Today is National Dog Day. What are you doing to celebrate? If you’re here on Dogster, I’ll bet your best friend is already one lucky dog who doesn’t want for pampering and play time. But if you’re stumped for a worthy way to celebrate the unconditional love that is the dog’s specialty, go here for some ideas. I know what I’m doing to celebrate: I’m stopping to appreciate my dog Sheba.
I adopted this gorgeous creature 12 years ago at an upstate New York animal shelter. There was no room at the inn that day, so she was tied outside to enjoy the country air. Standing there in the sun, her glorious sable coat gleamed so brightly it could have starred in its own shampoo commercial. She didn’t complain about being tied out; she just stood there wagging her tail, smiling, and offering everyone gentle, affectionate licks. Someone at the shelter had hung the name Sheba on her; it stuck.
Sheba came home with me that day, joined by another dog, my Chow-Rottweiler mix Tiki. Because of the two dogs’ similarly bushy tails and plush double coats, I assumed they were both Chow mixes. It was a reasonable guess, and it was validated when we arrived at the country vet for spaying, neutering, and general checkups. Filling out the preliminary paperwork, the tech inquired as to Sheba’s breed: “Chow?” (To this day, people routinely ask if Sheba is all or part Chow.)
Riffing on the Chow theme, someone had the idea of re-naming these two fluffy dogs Mister and Tina – as in restaurateur Mr. (Michael) Chow and his late wife, the beautiful Tina Chow. The new handles didn’t materialize, however, because both Sheba and Tiki already knew their names, and I didn’t have the heart to change them. But something else did change: my understanding of just what Sheba was made of.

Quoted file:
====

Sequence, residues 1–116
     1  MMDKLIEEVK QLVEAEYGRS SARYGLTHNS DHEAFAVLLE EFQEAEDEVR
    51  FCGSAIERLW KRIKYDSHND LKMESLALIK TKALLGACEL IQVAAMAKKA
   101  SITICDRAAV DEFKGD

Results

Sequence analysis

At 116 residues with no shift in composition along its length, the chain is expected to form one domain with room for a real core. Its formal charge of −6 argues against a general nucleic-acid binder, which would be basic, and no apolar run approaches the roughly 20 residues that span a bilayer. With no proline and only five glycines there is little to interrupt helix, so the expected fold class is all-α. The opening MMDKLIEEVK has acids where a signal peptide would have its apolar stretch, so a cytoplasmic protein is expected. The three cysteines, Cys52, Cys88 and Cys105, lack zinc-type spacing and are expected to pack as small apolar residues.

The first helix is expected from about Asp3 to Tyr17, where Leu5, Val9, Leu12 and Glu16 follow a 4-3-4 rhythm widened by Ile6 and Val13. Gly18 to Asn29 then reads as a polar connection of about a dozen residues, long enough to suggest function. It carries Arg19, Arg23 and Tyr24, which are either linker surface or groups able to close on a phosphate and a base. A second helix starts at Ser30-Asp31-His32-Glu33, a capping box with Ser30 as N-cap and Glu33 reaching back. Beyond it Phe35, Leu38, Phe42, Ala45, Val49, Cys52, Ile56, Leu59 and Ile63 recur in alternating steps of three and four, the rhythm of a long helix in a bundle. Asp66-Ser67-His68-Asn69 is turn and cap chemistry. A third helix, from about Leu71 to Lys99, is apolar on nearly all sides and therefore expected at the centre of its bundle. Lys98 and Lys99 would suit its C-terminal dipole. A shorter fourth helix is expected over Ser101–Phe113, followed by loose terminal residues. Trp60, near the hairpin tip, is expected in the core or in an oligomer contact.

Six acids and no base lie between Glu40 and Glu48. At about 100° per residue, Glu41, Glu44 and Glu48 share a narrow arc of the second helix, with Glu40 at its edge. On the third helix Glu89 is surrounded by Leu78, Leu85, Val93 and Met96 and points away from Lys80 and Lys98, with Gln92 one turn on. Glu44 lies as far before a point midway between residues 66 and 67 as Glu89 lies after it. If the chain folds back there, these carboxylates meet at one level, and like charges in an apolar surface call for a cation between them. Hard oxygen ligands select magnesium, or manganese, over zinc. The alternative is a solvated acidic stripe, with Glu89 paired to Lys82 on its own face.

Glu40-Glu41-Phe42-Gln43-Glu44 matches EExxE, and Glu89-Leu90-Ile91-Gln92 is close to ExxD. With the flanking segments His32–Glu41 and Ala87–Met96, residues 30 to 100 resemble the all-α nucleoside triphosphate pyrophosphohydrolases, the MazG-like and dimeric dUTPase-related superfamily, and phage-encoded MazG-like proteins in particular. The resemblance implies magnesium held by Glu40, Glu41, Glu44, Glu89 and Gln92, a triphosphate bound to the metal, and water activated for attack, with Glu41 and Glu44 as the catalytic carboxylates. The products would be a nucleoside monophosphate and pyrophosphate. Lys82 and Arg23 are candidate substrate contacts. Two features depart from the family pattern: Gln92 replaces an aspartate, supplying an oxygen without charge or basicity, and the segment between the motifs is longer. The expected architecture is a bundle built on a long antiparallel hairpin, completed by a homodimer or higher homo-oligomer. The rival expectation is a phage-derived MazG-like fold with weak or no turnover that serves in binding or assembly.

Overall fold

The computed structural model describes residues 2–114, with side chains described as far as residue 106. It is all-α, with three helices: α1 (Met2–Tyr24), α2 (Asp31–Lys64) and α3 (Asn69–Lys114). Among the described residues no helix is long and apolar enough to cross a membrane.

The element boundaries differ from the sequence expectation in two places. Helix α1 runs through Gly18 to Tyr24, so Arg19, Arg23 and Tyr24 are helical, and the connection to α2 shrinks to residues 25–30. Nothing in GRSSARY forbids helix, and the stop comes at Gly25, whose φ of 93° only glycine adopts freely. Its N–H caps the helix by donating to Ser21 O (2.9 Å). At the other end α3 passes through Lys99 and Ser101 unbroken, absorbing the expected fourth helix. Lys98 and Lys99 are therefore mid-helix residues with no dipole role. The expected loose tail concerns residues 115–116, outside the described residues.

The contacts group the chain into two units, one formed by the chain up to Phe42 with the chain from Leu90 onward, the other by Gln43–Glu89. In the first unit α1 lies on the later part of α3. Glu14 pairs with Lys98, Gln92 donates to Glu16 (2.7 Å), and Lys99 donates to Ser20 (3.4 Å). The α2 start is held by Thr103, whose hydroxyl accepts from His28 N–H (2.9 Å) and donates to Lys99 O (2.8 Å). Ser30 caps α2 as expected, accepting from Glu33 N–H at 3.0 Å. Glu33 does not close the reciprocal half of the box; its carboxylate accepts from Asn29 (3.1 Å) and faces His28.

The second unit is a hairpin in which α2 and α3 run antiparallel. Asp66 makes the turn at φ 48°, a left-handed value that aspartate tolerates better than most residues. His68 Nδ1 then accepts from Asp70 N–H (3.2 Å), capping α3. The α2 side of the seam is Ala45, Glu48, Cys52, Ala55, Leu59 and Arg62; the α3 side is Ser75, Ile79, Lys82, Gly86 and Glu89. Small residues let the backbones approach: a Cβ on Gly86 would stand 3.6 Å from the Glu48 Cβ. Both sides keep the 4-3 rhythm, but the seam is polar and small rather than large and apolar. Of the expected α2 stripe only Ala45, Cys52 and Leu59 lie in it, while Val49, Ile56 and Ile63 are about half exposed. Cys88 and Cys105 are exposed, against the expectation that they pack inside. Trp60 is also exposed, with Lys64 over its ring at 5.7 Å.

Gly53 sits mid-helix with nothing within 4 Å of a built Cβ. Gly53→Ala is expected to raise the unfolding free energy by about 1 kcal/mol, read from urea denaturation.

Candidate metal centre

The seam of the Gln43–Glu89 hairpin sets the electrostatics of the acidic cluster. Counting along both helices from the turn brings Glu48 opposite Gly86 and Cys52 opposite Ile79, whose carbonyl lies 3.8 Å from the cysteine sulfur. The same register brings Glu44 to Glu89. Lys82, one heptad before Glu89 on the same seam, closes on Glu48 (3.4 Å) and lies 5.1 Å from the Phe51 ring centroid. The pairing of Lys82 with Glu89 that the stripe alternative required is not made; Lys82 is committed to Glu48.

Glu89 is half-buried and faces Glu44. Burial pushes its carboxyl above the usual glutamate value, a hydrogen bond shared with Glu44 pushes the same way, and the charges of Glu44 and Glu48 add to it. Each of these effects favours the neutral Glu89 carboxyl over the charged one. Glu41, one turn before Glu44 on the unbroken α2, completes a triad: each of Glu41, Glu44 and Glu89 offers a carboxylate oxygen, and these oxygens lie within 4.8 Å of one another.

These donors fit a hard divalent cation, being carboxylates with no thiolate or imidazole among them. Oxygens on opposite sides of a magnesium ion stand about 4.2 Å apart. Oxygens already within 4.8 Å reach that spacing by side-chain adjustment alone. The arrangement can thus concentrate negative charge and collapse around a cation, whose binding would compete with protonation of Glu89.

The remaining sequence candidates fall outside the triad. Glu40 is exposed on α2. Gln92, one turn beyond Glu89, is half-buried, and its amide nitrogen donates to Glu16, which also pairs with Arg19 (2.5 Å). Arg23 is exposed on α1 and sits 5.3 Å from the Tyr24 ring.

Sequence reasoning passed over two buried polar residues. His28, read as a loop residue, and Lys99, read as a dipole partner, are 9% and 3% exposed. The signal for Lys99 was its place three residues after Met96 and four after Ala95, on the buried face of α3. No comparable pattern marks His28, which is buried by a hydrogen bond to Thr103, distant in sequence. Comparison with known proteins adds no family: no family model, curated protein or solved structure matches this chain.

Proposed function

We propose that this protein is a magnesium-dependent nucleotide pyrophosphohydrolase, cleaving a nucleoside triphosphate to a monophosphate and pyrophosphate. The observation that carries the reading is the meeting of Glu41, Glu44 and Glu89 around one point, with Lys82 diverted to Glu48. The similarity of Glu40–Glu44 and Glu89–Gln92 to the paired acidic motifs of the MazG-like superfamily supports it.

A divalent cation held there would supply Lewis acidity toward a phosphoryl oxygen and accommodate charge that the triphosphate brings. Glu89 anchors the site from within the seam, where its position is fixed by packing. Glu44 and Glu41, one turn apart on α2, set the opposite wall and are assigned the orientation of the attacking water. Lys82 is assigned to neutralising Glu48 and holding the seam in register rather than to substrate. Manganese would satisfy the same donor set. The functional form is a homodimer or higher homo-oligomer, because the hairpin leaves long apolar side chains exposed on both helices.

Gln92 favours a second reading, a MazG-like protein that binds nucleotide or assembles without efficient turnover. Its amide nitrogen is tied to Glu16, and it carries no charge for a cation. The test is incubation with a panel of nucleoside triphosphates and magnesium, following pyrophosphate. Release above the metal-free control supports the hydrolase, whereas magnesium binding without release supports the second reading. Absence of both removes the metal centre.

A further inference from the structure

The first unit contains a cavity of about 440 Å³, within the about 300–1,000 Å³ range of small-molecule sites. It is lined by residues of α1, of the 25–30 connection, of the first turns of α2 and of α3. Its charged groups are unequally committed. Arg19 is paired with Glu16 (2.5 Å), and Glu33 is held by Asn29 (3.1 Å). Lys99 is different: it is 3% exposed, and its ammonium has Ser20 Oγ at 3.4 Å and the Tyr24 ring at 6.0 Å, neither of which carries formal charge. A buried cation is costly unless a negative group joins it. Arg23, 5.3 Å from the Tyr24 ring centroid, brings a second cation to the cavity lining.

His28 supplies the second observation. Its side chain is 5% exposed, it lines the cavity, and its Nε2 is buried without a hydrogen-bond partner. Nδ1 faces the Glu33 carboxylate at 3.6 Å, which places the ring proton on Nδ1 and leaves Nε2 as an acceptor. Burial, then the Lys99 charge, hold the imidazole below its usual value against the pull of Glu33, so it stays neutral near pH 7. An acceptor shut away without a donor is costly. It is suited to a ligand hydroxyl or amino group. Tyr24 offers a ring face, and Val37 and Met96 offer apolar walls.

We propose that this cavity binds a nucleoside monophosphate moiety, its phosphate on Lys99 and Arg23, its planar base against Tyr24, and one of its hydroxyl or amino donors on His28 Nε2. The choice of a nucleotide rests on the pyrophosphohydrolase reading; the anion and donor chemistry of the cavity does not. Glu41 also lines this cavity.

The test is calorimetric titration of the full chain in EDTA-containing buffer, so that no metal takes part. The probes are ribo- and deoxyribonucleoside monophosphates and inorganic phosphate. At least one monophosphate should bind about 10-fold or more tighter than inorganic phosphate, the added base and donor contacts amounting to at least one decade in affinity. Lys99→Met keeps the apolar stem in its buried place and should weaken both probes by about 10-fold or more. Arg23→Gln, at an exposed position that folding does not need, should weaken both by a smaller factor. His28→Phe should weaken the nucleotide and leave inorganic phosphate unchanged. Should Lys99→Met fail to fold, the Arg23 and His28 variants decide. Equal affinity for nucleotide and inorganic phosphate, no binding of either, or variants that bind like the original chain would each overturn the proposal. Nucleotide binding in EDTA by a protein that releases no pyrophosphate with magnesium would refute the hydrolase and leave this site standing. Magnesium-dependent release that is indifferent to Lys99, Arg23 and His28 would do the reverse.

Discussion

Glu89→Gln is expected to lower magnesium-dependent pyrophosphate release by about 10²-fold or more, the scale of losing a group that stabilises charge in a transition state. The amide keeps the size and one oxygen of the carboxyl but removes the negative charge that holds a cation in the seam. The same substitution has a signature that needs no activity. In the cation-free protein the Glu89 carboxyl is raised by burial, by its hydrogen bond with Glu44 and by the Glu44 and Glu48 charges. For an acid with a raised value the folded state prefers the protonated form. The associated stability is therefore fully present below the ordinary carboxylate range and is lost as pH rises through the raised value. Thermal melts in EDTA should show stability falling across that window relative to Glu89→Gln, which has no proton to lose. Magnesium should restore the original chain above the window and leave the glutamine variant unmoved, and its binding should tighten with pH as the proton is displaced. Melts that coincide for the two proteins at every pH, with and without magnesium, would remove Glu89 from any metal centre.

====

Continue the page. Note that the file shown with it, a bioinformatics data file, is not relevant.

I happen to be a huge fan of dog art, and one day while reading about the 19th-century artist George Horlor, I came across his 1875 painting “Sheepdogs Resting in Mountain Landscape.” It depicts Border Collies taking a watchful break while on duty, their woolly charges grazing in the far background. Commanding center stage in the composition is a sable sheepdog who’s a ringer for my Sheba.
A little more research revealed that Border Collies weren’t always strictly black and white; back then they came in an array of coat color combinations, because they were prized more for their skills than their looks. Once it was determined that Sheba was, in fact, a sable Border Collie, she got a new nickname. In honor of the farm animals Border Collies are put in charge of managing, I often call her Sheepa. Most tellingly, when she sets her sights on a chipmunk, say, she gives the object of her attention “the eye,” i.e. the look of fierce determination that Border Collies use to intimidate entire flocks of sheep.
Certainly Sheba has always exhibited the Border Collie trait of extreme intelligence, with a strong independent streak that would compel her to wander off our property in search of adventures, as if she were back in her ancestral Scotland exploring the high Tors. Several times my heart jumped out of my chest when she’d go missing out in the country; I’d call frantically for her, and she’d wait just long enough – until the moment I was ready to collapse in panicked tears – to return with a gleam in her eye, her ears bouncing up and down and her tail swishing merrily from side to side.
This dog is the gentlest creature on four legs, wonderful with children and elderly people, and extraordinarily respectful of cats. She carries the healing touch in her tongue, and is generous in applying it diligently wherever it’s needed: to the ears of her packmates or a tear-streaked human face. To me, she’ll always be the most beautiful dog in the world, K9 counterpart of the actress Jacqueline Bisset. Sheba’s red hair is so lovely and lustrous that, a few years back, I was inspired to color my own boring, brown hair to match; Sheba patiently accompanied me to a fancy Madison Avenue salon, where the colorist carefully matched the temporary tint to the fur on her forehead! The new look got me lots of compliments, but it looks best on my dog.
Arthritis has slowed down her gait and old age has colored her face white, but most mornings Sheba still scampers down our hallway, ready for any adventure the next outing may bring. I hope to always follow her example, and I hope today brings something wonderful her way.
Photo Credit: Anneli Adolfsson